Warning: this post contains "Homeland" spoilers.
"Homeland's" second episode of the season took viewers from the U.S. to Beirut, Lebanon, where Carrie (Claire Danes) helped orchestrate a strike against Taliban leaders who were meeting in the city. While many television critics praised the Beirut-set scenes for their well-paced suspense and drama, the episode also drew the ire of both Lebanese and Israeli citizens, because it wasn't actually filmed in Beirut -- it was filmed in Tel Aviv, Israel.
According to Entertainment Weekly, not only is "Homeland's" depiction of Beirut inaccurate, the choice to use Israel in the first place is insulting to Beirutis, since they view Israelis as their enemies. So insulting, in fact, that Lebanese Tourism Minister Fadi Abboud is considering a lawsuit after one scene in particular.
"It showed Harma Street with militia roaming in it," Abboud told the Associated Press. "It was not filmed in Beirut, and does not portray the real image of Beirut."
Meanwhile, Israeli citizens resent how Tel Aviv -- a nightlife and tech hotbed -- is shown as the opposite on "Homeland." Not to mention the political weight of depicting Israel as Lebanon. Considering the political climate of the two countries has been, let's say, tense following Israel's 1982 invasion and subsequent occupation, there's more to the situation than simply swapping one country out for another.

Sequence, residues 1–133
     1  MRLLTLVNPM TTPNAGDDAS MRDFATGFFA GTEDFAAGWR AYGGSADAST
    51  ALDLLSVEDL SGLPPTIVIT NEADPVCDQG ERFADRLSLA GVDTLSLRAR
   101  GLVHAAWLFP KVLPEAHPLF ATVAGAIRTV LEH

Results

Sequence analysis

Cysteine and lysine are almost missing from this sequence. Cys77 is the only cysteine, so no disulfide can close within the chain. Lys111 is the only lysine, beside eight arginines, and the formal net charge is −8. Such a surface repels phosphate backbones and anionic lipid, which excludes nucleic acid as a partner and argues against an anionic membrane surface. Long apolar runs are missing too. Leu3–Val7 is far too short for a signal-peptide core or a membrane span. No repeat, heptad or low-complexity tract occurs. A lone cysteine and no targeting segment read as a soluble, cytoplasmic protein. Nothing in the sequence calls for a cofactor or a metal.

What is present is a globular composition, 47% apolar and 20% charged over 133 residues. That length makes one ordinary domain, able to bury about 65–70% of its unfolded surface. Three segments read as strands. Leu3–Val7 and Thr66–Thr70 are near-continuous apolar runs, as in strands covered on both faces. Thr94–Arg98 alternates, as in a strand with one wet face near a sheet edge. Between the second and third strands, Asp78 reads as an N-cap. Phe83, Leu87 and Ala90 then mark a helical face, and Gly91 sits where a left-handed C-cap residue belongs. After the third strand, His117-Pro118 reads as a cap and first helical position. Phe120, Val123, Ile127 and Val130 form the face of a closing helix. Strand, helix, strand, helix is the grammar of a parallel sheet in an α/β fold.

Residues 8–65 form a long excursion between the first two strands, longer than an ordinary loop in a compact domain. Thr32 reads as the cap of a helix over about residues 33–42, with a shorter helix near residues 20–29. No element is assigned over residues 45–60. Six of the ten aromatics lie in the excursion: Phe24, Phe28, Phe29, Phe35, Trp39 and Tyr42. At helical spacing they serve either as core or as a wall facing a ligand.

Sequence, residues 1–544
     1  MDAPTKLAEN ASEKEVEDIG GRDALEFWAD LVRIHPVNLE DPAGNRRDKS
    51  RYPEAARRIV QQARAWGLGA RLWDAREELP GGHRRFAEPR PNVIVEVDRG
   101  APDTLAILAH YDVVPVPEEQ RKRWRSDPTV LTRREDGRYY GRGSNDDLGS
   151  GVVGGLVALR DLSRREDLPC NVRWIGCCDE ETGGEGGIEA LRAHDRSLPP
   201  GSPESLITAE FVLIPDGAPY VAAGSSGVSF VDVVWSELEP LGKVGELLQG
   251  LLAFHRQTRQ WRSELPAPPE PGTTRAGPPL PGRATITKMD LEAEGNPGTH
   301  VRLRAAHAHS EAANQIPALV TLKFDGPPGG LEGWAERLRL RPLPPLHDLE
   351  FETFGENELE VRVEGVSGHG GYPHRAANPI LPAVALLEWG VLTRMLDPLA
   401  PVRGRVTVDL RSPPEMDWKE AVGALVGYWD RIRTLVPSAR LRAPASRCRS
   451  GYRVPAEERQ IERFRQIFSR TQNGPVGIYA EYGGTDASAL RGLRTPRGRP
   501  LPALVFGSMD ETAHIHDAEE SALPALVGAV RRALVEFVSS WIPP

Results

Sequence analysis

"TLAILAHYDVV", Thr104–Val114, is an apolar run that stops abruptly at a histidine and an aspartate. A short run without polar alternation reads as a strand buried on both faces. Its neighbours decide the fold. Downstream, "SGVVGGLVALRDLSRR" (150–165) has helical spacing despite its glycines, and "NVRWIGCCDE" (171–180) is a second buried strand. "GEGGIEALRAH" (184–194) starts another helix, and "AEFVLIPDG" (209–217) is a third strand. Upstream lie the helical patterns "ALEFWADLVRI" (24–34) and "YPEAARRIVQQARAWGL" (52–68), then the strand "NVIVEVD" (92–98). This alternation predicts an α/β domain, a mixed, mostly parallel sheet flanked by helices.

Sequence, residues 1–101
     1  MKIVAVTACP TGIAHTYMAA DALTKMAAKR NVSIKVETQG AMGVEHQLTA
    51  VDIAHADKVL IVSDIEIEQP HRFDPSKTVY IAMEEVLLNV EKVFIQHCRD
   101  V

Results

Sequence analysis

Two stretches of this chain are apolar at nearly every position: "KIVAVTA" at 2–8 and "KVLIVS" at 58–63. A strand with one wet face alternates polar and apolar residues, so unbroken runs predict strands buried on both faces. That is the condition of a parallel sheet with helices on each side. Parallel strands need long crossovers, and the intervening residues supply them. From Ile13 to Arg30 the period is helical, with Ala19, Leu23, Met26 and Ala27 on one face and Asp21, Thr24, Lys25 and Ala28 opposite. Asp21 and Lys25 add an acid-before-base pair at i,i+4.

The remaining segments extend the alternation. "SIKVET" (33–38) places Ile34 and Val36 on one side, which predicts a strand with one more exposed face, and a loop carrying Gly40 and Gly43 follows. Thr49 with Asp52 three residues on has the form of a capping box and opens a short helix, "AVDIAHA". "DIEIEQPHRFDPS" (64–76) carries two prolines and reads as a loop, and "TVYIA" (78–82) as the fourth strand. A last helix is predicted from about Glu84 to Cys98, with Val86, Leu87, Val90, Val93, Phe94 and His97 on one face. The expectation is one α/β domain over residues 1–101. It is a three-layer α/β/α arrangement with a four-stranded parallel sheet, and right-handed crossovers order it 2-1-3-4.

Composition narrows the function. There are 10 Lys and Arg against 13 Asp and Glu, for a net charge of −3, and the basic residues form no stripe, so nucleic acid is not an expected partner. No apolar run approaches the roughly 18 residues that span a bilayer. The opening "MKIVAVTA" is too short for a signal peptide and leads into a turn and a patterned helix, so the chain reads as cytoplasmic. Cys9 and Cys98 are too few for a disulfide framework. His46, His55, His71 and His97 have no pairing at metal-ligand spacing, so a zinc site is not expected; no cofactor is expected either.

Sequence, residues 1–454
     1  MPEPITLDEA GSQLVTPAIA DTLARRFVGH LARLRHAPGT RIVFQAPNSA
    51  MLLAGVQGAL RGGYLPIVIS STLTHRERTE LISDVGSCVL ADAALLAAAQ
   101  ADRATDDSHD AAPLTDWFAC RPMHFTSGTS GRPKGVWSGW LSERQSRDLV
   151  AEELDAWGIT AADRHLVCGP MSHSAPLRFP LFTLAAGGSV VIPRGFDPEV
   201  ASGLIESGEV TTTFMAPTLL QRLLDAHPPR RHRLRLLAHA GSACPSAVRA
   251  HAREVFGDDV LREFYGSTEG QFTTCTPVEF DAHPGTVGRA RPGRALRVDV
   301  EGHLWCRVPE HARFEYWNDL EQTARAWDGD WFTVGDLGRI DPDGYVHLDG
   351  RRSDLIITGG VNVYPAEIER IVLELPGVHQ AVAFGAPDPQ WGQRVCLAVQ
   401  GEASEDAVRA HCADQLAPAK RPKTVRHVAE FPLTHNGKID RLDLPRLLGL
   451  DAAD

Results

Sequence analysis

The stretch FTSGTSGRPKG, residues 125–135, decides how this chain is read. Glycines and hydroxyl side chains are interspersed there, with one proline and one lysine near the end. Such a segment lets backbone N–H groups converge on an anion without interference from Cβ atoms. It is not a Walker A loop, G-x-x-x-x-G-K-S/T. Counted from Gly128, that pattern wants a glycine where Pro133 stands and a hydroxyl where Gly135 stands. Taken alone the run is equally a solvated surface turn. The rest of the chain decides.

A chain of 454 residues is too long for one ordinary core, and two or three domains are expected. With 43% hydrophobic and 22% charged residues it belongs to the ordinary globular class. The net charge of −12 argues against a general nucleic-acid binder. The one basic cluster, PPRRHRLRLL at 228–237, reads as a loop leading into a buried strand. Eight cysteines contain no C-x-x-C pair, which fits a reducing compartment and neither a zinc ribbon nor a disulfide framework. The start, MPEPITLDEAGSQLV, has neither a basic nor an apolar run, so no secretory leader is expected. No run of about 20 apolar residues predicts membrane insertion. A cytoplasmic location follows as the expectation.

However, Tel Aviv Mayor Eytan Schwartz doesn't see a problem.
"If I were Lebanese, with all due respect, I'd be very flattered that a city, and a world heritage site, thanks to its incredible architecture, and residents who were named among the top 10 most beautiful people in the world, could pass as Lebanese," he told AP.Claire Danes on "Homeland." (Showtime)
To viewers who don't necessarily keep up with Middle Eastern affairs, swapping one city for the other might not seem like a big deal. But according to the reaction of Lebanese citizens, the issue has more to it than just an on-location shoot. Does "Homeland" have a responsibility to respect political climates and relationships, given its subject matter? Or should it be given a pass as a drama that happens to feature political story lines?
"Homeland" may be a fictional series, but with such a political focus, not honouring real-life politics may only add fuel to a fire, or re-affirm the idea that North America is self-centered. True, in real life, we don't have the terrorists Abu Nazir (Navid Negahban) or Nicholas Brody (Damian Lewis), but if a show opts for accuracy in other areas, surely it should be aware of the dynamic between two very different countries with volatile histories.
Or, at the very least, "Homeland" should stop perpetuating stereotypes that leave audiences believing all areas of the Middle East look the same.
"Homeland" airs Sundays at 10 p.m. ET on the SuperChannel.